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Old 02-11-2013, 10:07 AM   #1
T_Yamamoto
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Default Looking to install Ubuntu or alternative.

But the problem is that Linux drivers for my WiFi card doesn't exist the WiFi card is around 6 years old tol
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Old 02-11-2013, 10:27 AM   #2
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What is the exact card with model and revision number?
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Old 02-11-2013, 12:50 PM   #3
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If you're sure there are no Linux drivers for your card:

How to Install a Wireless Card in Linux Using Windows Drivers
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Old 02-11-2013, 04:20 PM   #4
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Is this a laptop?

You can also consider swapping the wireless card... it is cheap and easy to do in most cases.
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Old 02-11-2013, 05:31 PM   #5
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This is a desktop

Buffalo Wireless-G WLI2-PCI-G545
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Old 02-11-2013, 05:38 PM   #6
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That appears to be an antique. Have you tried booting to a live session, and playing with it? I'm finding almost nothing on the web.
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Old 02-11-2013, 06:41 PM   #7
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Quote:
Originally Posted by lxskllr View Post
That appears to be an antique. Have you tried booting to a live session, and playing with it? I'm finding almost nothing on the web.
It is an antique. And I dunno what that means
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Old 02-11-2013, 06:52 PM   #8
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Quote:
Originally Posted by T_Yamamoto View Post
It is an antique. And I dunno what that means
Download a live CD/USB, boot to it, and try to get the wireless going in a live session. A live session is temporary, and any changes made to the GNU/Linux system will be lost on reboot. Alternatively, you could do a real install to a USB drive if you have one that's big enough.

If the rest of your computer is about as old as the wireless, I'd try Xubuntu as a start. Regular Ubuntu might be a little heavy. What are the rest of the system specs?
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Old 02-11-2013, 08:11 PM   #9
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How do you know that there are no Linux drivers for your card? Looking at the user reviews of that card on Newegg there are a few people reporting that it works fine with older versions of Ubuntu (7.04). Perhaps support has been removed out of the box in newer versions.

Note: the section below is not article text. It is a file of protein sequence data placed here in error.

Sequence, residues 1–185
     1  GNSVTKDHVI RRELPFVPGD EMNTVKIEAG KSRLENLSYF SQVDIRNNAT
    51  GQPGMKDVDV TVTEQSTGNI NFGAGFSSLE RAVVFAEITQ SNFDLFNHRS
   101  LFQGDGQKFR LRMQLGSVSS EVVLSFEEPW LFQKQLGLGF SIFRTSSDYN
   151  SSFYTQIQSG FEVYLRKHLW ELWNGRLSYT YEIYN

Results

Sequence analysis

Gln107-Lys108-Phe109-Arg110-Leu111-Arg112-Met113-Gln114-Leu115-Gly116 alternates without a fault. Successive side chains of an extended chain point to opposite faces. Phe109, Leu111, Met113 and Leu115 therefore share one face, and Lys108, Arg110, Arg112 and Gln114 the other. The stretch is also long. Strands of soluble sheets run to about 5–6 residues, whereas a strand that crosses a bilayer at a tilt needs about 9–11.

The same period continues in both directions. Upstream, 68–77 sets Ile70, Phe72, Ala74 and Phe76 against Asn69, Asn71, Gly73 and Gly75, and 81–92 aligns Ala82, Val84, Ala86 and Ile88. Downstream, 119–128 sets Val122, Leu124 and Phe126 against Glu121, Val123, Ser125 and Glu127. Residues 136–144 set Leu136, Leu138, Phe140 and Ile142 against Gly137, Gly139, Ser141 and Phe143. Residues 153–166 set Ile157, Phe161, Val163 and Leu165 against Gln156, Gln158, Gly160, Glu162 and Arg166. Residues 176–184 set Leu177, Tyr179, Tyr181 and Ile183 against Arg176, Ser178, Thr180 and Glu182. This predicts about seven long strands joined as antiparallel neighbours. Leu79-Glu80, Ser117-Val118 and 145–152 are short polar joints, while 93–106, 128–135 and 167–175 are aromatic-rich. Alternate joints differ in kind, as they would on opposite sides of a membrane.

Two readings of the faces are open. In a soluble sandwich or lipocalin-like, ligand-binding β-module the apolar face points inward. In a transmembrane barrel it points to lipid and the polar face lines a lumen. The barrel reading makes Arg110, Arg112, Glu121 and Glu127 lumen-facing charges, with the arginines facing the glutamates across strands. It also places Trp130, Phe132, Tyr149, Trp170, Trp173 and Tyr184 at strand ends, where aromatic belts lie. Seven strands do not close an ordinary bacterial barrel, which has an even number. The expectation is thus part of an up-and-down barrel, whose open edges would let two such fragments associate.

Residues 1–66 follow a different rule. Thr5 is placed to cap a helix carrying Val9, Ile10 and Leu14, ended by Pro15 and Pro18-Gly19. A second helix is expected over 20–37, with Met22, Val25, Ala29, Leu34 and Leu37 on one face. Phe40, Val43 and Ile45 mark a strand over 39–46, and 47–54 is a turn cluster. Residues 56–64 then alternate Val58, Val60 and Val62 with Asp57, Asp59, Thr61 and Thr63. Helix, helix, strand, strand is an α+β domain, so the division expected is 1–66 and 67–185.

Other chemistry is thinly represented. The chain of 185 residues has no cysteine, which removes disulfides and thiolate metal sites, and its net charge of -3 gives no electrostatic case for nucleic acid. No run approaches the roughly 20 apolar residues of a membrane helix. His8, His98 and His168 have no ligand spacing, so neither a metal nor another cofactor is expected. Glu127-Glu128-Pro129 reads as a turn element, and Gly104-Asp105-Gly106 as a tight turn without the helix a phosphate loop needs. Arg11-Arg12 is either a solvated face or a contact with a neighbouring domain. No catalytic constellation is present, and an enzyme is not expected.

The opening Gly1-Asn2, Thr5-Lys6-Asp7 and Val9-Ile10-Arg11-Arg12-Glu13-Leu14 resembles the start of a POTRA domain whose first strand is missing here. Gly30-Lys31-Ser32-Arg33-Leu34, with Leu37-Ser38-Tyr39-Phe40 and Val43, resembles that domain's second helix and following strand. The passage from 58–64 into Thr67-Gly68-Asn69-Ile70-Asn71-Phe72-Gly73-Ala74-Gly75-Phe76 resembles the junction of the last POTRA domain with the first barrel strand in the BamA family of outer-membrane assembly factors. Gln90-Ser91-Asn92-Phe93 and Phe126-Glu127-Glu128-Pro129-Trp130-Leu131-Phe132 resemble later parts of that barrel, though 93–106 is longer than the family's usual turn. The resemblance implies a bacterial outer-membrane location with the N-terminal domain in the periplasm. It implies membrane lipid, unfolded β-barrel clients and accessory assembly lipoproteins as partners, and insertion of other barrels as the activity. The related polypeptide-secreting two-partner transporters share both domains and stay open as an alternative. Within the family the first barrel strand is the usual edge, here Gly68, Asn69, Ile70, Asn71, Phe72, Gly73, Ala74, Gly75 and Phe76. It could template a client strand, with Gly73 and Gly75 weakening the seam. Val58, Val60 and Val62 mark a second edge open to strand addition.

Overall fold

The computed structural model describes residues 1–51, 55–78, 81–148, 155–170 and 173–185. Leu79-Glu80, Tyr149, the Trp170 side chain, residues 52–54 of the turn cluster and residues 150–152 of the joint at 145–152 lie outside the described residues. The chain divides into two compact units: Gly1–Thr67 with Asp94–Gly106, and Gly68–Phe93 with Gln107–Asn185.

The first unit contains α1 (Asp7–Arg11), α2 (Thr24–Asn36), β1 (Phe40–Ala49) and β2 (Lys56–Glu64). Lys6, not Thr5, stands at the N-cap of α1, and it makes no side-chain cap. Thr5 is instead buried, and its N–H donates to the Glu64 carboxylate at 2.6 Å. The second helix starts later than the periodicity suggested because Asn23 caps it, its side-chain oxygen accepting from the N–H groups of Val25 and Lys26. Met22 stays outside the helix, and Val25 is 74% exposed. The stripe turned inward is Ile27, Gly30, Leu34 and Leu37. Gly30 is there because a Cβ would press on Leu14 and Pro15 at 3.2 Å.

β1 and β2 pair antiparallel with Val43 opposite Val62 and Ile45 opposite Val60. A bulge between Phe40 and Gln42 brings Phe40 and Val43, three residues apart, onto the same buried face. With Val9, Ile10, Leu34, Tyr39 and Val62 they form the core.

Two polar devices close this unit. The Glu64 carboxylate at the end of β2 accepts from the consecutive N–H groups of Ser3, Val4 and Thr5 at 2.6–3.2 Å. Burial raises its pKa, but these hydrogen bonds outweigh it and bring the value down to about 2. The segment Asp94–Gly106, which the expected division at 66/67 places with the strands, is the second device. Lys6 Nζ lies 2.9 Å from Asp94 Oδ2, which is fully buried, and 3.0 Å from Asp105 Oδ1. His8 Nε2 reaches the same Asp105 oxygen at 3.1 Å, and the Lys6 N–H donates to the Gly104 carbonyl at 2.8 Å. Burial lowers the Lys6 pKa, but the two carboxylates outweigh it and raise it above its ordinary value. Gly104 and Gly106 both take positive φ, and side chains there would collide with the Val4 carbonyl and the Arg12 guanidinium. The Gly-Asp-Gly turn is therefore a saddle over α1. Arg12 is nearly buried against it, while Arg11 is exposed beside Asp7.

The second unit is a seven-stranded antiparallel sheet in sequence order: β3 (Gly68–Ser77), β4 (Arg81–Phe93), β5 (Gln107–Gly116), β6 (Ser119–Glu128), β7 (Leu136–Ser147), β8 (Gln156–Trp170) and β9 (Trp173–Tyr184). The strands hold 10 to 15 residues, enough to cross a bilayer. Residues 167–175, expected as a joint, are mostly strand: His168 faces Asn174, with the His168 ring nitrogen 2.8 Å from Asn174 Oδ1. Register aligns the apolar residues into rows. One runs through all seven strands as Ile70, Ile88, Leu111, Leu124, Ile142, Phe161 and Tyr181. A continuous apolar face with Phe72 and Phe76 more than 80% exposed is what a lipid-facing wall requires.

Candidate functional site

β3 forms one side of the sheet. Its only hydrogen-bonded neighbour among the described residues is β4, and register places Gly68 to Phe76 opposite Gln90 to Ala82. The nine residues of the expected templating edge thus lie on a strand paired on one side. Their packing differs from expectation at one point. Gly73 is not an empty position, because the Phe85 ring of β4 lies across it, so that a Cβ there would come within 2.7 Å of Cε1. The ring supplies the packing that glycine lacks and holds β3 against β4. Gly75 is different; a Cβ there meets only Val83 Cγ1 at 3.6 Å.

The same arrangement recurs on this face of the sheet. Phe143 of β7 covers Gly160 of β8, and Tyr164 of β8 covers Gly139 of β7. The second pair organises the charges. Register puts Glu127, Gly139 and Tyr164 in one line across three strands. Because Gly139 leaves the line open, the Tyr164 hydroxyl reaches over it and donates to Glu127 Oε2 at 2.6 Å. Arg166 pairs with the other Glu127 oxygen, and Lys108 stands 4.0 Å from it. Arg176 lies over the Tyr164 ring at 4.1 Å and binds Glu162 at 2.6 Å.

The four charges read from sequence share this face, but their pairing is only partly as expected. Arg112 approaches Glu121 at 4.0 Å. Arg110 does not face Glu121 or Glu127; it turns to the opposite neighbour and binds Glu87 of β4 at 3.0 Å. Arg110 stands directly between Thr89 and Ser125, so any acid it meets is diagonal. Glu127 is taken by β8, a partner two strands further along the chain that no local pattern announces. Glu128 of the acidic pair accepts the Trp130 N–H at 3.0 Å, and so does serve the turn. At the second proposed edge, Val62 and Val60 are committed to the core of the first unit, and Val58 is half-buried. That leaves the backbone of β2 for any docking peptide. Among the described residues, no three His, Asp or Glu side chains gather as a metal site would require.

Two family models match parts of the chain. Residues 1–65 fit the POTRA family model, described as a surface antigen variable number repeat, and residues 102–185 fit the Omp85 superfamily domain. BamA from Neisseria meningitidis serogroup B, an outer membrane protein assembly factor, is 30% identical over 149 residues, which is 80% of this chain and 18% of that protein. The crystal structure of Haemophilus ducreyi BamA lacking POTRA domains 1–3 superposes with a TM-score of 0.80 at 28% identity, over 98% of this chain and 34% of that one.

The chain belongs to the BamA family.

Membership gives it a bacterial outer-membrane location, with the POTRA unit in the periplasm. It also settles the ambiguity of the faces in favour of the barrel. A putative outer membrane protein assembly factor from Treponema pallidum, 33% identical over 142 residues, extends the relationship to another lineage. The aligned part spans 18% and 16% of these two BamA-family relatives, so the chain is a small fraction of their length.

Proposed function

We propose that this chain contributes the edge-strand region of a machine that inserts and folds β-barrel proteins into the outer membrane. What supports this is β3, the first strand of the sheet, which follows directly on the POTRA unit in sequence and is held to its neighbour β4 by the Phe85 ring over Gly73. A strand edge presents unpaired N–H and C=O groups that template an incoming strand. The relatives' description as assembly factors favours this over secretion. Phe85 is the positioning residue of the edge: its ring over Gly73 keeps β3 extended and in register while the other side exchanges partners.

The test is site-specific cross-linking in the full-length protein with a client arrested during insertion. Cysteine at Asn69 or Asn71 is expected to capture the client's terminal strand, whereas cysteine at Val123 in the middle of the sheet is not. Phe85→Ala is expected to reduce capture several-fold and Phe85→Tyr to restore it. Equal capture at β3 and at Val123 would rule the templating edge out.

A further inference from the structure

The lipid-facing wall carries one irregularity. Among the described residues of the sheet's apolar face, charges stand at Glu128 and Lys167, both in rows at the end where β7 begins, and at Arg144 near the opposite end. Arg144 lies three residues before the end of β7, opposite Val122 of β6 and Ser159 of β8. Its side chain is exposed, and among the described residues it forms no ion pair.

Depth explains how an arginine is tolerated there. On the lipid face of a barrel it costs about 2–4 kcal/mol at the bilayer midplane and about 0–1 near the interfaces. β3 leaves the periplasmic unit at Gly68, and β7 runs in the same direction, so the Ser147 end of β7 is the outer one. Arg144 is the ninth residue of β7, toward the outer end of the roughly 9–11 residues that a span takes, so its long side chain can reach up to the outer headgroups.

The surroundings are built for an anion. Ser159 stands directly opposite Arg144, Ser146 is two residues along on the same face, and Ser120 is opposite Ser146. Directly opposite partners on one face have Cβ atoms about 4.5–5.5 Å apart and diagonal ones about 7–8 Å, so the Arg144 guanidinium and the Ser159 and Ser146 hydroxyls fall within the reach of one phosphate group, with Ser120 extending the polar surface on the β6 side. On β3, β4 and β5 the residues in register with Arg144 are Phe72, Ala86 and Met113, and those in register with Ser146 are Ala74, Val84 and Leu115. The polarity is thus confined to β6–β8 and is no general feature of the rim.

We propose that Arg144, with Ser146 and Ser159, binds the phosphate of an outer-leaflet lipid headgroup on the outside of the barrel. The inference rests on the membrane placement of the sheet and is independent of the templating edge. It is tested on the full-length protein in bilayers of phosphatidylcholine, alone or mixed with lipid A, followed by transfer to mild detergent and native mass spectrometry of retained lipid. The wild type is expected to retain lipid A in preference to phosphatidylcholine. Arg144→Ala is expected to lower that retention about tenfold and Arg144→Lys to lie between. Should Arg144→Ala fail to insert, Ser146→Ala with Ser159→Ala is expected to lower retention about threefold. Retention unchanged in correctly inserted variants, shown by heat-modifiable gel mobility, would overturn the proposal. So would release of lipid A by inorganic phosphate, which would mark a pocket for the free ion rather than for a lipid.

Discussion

Here is a thread showing how to get the card working in 10.10 server. Getting the card working in newer versions should follow similar steps.

http://ubuntuforums.org/showthread.php?t=1620150

Here is the Ubuntu documentation for the chipset that your card uses (Broadcom 4306). There is an open source driver available for the chipset.

https://help.ubuntu.com/community/Wi...Driver/bcm43xx

In general with older hardware don't look for the brand name, look for the chip or chipset that the hardware uses. Chances are there will be a driver out there.

Last edited by DaveStall; 02-11-2013 at 08:13 PM.
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Old 02-11-2013, 08:19 PM   #10
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Quote:
Originally Posted by lxskllr View Post
Download a live CD/USB, boot to it, and try to get the wireless going in a live session. A live session is temporary, and any changes made to the GNU/Linux system will be lost on reboot. Alternatively, you could do a real install to a USB drive if you have one that's big enough.

If the rest of your computer is about as old as the wireless, I'd try Xubuntu as a start. Regular Ubuntu might be a little heavy. What are the rest of the system specs?
My bastard pc specs are as follows (upgraded using parts generously gifted
By the people in my SIG)

E4300
3.5gb ram
9800gt 512mb
250gb+160gb(Ubuntu will be on this one)
Whatever power supply.




Quote:
Originally Posted by DaveStall View Post
How do you know that there are no Linux drivers for your card? Looking at the user reviews of that card on Newegg there are a few people reporting that it works fine with older versions of Ubuntu (7.04). Perhaps support has been removed out of the box in newer versions.

Here is a thread showing how to get the card working in 10.10 server. Getting the card working in newer versions should follow similar steps.